I think this is Rami Malek’s race to lose, and his turn as an emotionally damaged hacker on Mr Robot was one of the breakout performances of last year, something the Globes adores rewarding. Wagner Moura had the same kind of performance on Narcos playing Pablo Escobar, so if there is a spoiler, I’d give it to either him or Bob Odenkirk, who was also great on Better Call Saul. Liev Schreiber gets nominated every year for Ray Donovan and never wins and the Globes has never shared the Emmys’ enthusiasm for Mad Men, which is a bad sign for Jon Hamm.

Will win: Rami Malek. Should win: Rami Malek

Best actor in a comedy

Learning his lines: Adrian Scarborough, left, as Harry, and Patrick Stewart as Walter Blunt, in a scene from season one of Blunt Talk.
Learning his lines: Adrian Scarborough, left, as Harry, and Patrick Stewart as Walter Blunt, in a scene from season one of Blunt Talk. Photograph: AP

I really, really, really want Rob Lowe to win for The Grinder, because he brings delightful life to a narcissistic actor trying to be a small-town lawyer. He seems to have a real shot too, but I worry about Patrick Stewart’s nomination for Blunt Talk, which might make him a lock. Will Forte is great on the super weird The Last Man on Earth, but Aziz Ansari’s acting was the one fatal flaw in his otherwise delightful Master of None: nonetheless don’t count either of these creator/stars out of the race. Jeffrey Tambor, while as great as ever in Transparent, seems like too much of a favourite at this point to triumph. Odd, right?

Will win: Patrick Stewart. Should win: Rob Lowe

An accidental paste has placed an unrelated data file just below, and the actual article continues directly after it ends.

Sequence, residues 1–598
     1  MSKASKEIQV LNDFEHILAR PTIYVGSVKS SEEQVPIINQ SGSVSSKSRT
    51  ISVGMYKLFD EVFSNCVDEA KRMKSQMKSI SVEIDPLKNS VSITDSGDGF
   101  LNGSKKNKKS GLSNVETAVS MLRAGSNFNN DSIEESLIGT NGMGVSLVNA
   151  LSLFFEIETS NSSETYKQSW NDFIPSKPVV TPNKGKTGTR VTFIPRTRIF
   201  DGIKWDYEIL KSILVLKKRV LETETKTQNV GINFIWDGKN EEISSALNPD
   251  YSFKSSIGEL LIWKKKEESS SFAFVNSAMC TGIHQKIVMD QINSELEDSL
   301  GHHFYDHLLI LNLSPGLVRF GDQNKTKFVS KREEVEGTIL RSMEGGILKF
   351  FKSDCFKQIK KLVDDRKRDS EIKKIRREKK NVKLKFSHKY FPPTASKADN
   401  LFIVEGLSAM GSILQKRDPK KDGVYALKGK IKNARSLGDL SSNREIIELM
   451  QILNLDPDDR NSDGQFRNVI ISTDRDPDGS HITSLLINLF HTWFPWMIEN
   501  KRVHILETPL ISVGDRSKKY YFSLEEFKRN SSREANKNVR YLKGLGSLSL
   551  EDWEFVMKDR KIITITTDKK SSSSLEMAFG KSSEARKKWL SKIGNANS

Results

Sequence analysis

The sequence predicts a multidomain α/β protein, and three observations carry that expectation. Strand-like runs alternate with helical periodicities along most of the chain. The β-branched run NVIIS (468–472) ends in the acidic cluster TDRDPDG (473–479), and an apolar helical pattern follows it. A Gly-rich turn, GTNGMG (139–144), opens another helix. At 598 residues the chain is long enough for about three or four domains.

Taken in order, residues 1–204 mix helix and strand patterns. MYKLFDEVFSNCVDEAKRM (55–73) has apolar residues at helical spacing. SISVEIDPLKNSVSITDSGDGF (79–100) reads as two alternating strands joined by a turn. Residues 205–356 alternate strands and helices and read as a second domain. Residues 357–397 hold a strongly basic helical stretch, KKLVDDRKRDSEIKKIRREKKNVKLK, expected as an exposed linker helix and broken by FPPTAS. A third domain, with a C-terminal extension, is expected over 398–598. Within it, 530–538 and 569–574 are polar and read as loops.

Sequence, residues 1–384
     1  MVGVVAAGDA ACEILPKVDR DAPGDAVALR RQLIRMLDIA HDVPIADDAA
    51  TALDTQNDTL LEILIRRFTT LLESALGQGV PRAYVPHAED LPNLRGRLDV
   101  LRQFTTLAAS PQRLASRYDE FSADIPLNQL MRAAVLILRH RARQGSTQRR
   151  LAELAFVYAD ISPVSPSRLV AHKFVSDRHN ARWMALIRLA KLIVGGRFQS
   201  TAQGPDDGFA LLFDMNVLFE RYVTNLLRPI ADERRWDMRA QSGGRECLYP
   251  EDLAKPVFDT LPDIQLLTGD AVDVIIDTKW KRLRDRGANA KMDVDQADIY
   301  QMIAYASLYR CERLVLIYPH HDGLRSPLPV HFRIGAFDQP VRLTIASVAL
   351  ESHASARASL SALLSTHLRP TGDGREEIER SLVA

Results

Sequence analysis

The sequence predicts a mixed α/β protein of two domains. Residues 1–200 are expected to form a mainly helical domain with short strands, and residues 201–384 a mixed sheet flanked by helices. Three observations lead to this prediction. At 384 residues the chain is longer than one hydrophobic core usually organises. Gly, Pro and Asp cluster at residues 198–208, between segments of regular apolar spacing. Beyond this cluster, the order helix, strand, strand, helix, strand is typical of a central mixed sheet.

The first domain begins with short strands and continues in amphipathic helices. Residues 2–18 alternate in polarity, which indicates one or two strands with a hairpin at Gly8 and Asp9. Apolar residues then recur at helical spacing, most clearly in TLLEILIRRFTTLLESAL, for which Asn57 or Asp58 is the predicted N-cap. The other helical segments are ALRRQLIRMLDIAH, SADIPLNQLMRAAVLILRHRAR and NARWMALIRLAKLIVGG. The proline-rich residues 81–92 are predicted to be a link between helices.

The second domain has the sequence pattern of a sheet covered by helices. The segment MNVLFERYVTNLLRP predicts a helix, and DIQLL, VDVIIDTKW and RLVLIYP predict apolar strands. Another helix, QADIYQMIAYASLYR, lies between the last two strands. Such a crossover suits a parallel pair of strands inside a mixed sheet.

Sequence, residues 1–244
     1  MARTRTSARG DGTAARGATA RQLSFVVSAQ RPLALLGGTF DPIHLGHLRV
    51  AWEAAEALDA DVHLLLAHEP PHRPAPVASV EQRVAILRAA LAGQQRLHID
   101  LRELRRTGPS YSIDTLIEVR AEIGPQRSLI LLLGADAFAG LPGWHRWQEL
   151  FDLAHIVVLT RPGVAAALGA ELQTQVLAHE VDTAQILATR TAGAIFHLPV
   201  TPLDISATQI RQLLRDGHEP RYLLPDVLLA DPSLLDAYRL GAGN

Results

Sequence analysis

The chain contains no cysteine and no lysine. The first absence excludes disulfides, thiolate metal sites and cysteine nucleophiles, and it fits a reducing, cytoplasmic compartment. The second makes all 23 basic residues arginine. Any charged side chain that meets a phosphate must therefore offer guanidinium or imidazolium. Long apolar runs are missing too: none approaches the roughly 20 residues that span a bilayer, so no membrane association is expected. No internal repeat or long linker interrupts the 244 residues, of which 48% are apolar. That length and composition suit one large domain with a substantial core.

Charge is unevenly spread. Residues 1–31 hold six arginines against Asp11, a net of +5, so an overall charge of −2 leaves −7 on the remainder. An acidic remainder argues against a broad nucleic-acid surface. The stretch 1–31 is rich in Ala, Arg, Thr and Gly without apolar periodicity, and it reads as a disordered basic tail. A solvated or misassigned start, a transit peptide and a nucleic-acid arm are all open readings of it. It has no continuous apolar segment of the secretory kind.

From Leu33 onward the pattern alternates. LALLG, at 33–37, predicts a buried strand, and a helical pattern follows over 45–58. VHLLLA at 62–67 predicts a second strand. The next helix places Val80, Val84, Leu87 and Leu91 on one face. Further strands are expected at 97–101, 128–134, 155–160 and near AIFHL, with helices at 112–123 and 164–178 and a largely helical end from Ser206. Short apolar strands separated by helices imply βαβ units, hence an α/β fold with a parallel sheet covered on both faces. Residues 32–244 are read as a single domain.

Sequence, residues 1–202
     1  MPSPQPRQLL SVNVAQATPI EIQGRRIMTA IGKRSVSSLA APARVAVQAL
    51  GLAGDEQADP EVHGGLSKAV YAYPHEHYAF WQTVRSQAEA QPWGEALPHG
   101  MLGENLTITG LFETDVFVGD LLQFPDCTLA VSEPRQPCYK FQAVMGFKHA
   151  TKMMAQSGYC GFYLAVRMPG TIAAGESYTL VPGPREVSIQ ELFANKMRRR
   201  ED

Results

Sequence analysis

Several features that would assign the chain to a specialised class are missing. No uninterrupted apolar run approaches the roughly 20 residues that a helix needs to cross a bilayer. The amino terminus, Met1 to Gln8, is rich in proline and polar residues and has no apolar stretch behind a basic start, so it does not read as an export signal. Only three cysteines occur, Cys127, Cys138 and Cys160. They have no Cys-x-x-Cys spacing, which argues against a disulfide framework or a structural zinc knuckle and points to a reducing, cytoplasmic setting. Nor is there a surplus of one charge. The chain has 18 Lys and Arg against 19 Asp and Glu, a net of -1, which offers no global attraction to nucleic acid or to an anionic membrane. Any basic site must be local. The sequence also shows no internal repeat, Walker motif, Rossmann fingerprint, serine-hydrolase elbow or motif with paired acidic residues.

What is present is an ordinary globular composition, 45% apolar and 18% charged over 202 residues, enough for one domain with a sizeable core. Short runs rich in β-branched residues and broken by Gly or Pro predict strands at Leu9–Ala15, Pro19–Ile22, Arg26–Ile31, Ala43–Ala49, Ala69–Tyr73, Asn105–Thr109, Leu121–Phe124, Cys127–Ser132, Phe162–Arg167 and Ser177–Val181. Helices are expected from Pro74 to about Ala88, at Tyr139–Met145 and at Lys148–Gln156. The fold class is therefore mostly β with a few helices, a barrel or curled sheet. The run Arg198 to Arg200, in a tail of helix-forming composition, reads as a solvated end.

Best actor in a miniseries

Mark Rylance as Thomas Cromwell in Wolf Hall.
Mark Rylance as Thomas Cromwell in Wolf Hall. Photograph: Giles Keyte/BBC/Company Productions Ltd

This is the UK’s best hope to take a TV trophy, with Luther’s Idris Elba, Nightingale’s David Oyelowo and Wolf Hall’s Mark Rylance all in contention. I’d say that Rylance, an undeniable talent who still isn’t quite mainstream here in the States, has the best shot. Personally I would give the trophy to Oscar Isaac (currently super hot thanks to Star Wars) for HBO’s stellar Show Me a Hero. Patrick Wilson, sadly, will continue going underappreciated for Fargo, as he has for most of his career.

Will win: Mark Rylance. Should win: Oscar Isaac

Best supporting actress

Josh Stamberg as Max, Maura Tierney as Helen and Kathleen Chalfant as Margaret in The Affair.
Josh Stamberg as Max, Maura Tierney as Helen and Kathleen Chalfant as Margaret in The Affair. Photograph: Mark Schafer/Showtime

Always one of the strangest categories because all of the genres are just lumped together, and this one is full of past winners and Emmy favourites. Uzo Aduba and Regina King are fresh off Emmy victories and Downton Abbey’s Joanne Froggatt won the Globe last year. For those reasons I say Judith Light from Transparent and Maura Tierney, who is consistently the best thing about The Affair, are duking it out and have an equal shot at winning.

Will win: Judith Light. Should win: Maura Tierney

Best supporting actor

Christian Slater as Mr Robot: ready to pick up more handware?
Christian Slater as Mr Robot: ready to pick up more hardware? Photograph: USA Network/Virginia Sherwood/USA Network

This category is full of the shows that the Globes have shown us they really, really like this year, with nominees from Mr Robot (Christian Slater), Outlander (Tobias Menzies) and Wolf Hall (Damian Lewis) all vying for the trophy. I would say that Slater has the best shot, but Lewis could score if Wolf Hall is shut out elsewhere. The Globes love to spread the love around rather than reward one show too much. And poor Alan Cumming, nominated every year for The Good Wife but never managing to win. Sadly, I don’t think this is the year.

Will win: Christian Slater. Should win: Christian Slater


Brian Moylan

The GuardianTramp